Russian billionaire and Chelsea Football Club owner Roman Abramovich has reached a settlement with journalist Catherine Belton in a defamation lawsuit brought against her and her publisher over claims in her 2020 book “Putin’s People.”
In a statement issued Wednesday, publishers HarperCollins said they had “settled their dispute with Roman Abramovich over certain passages in Putin’s People,” acknowledged that the book contains “some inaccurate information,” and agreed to amend sections in a new and updated edition.
Some 1,700 words will be deleted or added to the new version of the book.
The settlement brings an end to a months-long legal saga that could have seen HarperCollins and Belton liable for significant financial damages had they lost. The publishers said the cases “had been resolved with no damages or costs payable by HarperCollins.”
In lieu of damages, the publishers have agreed to make a charitable donation of an undisclosed amount, a spokesperson for Abramovich said in a statement issued by Chelsea Football Club.
Abramovich launched the suit in response to allegations made by Belton in the book that he had bought the London football club under instruction from the Kremlin — a claim which became the focus of the lawsuit launched in London.
“HarperCollins has amended the text concerning the reasons for Mr. Abramovich’s purchase of Chelsea Football Club. While the book always included a denial that Mr. Abramovich was acting under anybody’s direction when he purchased Chelsea, the new edition will include a more detailed explanation of Mr. Abramovich’s motivations for buying the club,” the publishers said.
Abramovich has repeatedly denied the claims that he bought Chelsea under instruction from the Kremlin.
"We are pleased that HarperCollins and the author have apologized to Mr. Abramovich and agreed to amend the book, removing several false claims about him. These statements lacked evidence and were indeed false. This follows the English High Court’s determination that the book did indeed include several defamatory claims about Mr. Abramovich," a spokesperson for the Chelsea owner said in a statement sent to The Moscow Times.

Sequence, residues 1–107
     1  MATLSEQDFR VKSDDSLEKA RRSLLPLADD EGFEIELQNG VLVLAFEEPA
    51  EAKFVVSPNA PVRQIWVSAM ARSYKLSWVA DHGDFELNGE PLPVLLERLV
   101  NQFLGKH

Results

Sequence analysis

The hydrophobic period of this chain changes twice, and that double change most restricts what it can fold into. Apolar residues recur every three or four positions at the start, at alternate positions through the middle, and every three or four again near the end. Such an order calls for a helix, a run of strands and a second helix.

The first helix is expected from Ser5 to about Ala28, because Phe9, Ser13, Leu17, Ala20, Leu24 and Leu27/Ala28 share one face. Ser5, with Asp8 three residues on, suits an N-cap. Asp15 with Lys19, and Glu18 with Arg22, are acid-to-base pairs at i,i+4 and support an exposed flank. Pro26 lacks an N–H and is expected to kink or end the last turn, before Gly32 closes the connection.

"Mr. Abramovich’s ambition with Chelsea Football Club has always been clear and transparent: to create world-class teams on the pitch and to ensure the club plays a positive role in all of its communities," the spokesperson added.
In its statement, HarperCollins also said that “there is no evidence, beyond the statements of the individuals themselves, supporting claims made to the author by Sergei Pugachev and two other unnamed individuals about the purchase of Chelsea Football Club.”
Pugachev — a key source for Belton’s book, which details President Vladimir Putin's rise to power and the people who have helped him maintain and tighten his grip on the country over the last three decades — is a serial investor and former member of Putin’s inner circle. After falling out with the Kremlin, he now lives in exile, has been involved in a number of legal disputes over his assets with Russian authorities and has said he has been politically targeted by the Kremlin.
HarperCollins and Belton, a special correspondent for Reuters and former reporter for the Financial Times and The Moscow Times, also issued an apology to Abramovich in the statement.
“This last year has felt like a war of attrition in which HarperCollins and I have been bombarded from all sides with lawsuits from four Russian billionaires and the Kremlin’s oil champion Rosneft,” Belton said on Twitter.
Those comments were echoed by HarperCollins, which said in a separate statement that the book and Belton had been “under attack” from oligarchs and companies with “vast resources at their disposal.”
It defended the “highly regarded and critically acclaimed work” and praised Belton’s “knowledge, tenacity and bravery” in putting the book together.
Belton also agreed to change sections of the book detailing Abramovich’s relationship with Boris Berezovsky, the former Russian oligarch who became an early critic of Putin and was found dead in his home in Britain in 2013.
Belton had alleged that Berezovsky was an owner of Sibneft — the large oil company which was linked to Abramovich and Berezovsky since it was privatized in the mid-1990s, became embroiled in the Yukos saga which brought down Mikhail Khodorkovsky and was eventually sold by Abramovich to state-run gas giant Gazprom.
“Statements in the book that Boris Berezovsky had in fact been an owner of Sibneft have been corrected to make clear that, although this was a widely held view in Russia, this was found to be untrue by a U.K. High Court following an extensive trial in 2012, which (as the book always noted) found Berezovsky to be an ‘inherently unreliable witness,’” HarperCollins said.
The book's sections on the creation and sale of Sibneft have also been corrected or deleted as part of the settlement, Abramovich's spokesperson said.